Michigan News Agency

Posted by jdg | 10:34 AM | , ,

The Michigan News Agency opened its doors in 1947. Owner Vincent Malmstrom ran the store in downtown Kalamazoo for many years, and his daughter Dean Hauck took over the business and expanded the small store to sell over 6,000 magazine titles, a large selection of books (including anything published by local authors), cigarettes, candy, and soda. The store is open every day of the year from 6 a.m. to 8 p.m. It's the kind of place I'd love to take people who love strip malls and big box chain stores when I have trouble getting through to them with my latte-and-arugala-fueled yuppie rants about the joy of independent businesses.

I used to skip church as a kid and run across the street to spend all of Sunday morning looking at comic books and Mad Magazine here, picking out candy, and watching the creepy guys come in to peruse the porno mags. Ms. Hauck never yelled at me that this wasn't a library. I walked into this store the other day and the sound of her voice and the smell of fresh periodicals and pipe tobacco hit me like a Proustian madeleine.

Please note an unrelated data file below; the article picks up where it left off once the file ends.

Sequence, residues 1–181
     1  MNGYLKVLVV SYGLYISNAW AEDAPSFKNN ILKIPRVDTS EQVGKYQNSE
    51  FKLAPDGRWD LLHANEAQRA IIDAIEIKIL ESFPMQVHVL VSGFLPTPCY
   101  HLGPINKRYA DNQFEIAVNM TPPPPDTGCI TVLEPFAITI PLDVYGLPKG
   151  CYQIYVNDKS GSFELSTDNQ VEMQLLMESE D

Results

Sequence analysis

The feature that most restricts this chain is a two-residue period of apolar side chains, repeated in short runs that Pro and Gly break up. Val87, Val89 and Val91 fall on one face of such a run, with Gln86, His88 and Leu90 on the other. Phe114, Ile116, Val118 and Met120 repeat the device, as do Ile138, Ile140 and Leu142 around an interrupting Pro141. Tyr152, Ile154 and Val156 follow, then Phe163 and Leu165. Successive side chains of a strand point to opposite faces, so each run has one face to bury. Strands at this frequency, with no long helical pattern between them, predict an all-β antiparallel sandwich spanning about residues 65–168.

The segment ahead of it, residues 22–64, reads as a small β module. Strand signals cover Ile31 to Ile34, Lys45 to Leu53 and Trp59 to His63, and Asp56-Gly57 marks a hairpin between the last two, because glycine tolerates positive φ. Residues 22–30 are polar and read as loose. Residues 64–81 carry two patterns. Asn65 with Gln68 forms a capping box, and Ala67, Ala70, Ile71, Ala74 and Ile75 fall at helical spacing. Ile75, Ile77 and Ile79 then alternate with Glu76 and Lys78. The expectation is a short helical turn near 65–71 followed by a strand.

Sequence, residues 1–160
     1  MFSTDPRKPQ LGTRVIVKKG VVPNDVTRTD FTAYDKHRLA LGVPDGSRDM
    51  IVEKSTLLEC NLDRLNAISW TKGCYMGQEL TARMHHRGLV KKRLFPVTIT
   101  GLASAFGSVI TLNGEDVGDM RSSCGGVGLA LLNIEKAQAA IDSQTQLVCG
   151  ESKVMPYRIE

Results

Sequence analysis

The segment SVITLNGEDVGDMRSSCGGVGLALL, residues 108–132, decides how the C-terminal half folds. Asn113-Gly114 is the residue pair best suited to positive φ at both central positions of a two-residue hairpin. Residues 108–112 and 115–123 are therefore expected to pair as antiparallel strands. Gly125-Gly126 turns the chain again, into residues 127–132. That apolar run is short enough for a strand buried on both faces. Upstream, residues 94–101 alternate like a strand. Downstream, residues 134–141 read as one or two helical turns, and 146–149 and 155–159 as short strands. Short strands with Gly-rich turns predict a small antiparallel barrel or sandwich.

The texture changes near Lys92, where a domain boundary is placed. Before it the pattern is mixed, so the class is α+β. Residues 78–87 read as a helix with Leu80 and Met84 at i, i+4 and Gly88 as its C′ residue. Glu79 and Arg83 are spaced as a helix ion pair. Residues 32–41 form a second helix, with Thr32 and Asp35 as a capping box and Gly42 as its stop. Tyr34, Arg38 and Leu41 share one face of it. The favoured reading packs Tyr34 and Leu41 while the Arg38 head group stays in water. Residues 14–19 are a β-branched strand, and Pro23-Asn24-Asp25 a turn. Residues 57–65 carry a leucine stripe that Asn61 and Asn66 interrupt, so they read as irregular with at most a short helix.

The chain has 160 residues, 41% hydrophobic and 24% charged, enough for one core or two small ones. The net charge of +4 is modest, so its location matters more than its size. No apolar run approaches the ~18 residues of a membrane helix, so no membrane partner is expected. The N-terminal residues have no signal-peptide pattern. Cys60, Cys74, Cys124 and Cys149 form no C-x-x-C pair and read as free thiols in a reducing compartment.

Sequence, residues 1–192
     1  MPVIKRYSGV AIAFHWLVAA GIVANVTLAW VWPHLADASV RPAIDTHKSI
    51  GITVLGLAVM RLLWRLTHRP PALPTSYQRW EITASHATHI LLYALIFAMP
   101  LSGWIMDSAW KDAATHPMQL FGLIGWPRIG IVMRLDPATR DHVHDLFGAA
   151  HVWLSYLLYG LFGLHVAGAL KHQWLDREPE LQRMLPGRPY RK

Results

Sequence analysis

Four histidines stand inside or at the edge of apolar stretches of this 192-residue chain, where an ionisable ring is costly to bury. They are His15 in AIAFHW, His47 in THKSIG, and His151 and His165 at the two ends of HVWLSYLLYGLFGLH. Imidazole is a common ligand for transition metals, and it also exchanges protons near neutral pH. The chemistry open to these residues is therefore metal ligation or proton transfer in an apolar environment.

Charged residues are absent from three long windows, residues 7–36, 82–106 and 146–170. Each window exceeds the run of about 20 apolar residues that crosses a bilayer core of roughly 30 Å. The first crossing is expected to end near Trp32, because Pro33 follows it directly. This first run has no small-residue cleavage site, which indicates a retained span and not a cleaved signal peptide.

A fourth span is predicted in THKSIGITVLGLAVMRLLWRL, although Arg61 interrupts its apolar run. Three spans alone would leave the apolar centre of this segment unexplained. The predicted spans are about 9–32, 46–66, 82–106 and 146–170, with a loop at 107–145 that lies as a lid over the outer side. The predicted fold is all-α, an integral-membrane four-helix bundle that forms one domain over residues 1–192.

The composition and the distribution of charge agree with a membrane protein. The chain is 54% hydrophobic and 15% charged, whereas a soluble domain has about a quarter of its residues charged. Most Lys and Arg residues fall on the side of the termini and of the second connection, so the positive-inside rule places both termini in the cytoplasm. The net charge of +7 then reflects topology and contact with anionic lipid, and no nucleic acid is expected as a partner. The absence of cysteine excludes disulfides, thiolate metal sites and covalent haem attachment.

Every month my dad would drive downtown to pick up his copy of Hemmings Motor News here. He insisted that they got it before anyone else, so he never subscribed. As I grew older I moved on from the comic books and Mad Magazine to the real books and the real magazines. I would go with my dad and sometimes he would let me add something to the bill. He would buy Necco Wafers and hand them to me and my sister one by one on the way home. I spent so many hours in this store. It is a fine place for anyone who loves to read.

Ms. Hauck has always hired college students to work in the store, young kids who play cool music on the stereo and bring home outdated magazines for their friends. She fired my friend Sebastian on the day he graduated, telling him she only employs college students. At the time we thought this was illegal, done only so she wouldn't have to pay him for full-time work. I have since wondered if she didn't do it as a gesture of love, a way of saying: "Get out of here. Go out in the world. You have a degree now. Loafing about a bookstore is no job for you."

But it sure is a great way to spend a chunk of your childhood.

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